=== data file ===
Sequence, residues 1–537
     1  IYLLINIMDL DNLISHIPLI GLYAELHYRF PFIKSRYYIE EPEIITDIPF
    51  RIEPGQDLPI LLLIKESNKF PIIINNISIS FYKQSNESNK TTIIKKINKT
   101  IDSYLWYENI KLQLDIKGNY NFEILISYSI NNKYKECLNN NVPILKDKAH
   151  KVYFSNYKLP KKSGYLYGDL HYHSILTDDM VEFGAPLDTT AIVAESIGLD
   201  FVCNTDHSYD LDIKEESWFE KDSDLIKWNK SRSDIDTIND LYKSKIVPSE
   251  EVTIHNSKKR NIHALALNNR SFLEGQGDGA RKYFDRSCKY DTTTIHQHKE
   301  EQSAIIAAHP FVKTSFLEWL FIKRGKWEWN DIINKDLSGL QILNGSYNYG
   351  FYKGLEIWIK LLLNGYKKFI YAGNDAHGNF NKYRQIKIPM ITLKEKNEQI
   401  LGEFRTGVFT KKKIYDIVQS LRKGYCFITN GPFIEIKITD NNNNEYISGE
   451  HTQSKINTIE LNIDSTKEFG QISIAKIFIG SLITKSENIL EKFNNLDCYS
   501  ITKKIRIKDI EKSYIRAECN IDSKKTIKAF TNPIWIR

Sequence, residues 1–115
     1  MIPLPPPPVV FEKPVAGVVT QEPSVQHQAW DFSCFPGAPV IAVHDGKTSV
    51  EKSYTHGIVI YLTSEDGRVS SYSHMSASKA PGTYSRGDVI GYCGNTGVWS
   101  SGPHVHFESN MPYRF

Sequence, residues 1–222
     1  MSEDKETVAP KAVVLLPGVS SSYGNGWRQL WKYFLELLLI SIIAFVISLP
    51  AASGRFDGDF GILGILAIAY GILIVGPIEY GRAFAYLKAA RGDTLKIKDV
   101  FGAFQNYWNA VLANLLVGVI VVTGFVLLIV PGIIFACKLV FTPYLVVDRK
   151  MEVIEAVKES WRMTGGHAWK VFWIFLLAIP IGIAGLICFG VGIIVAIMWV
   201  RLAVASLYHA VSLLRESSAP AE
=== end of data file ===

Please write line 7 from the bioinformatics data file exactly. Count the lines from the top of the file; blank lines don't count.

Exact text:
   251  EVTIHNSKKR NIHALALNNR SFLEGQGDGA RKYFDRSCKY DTTTIHQHKE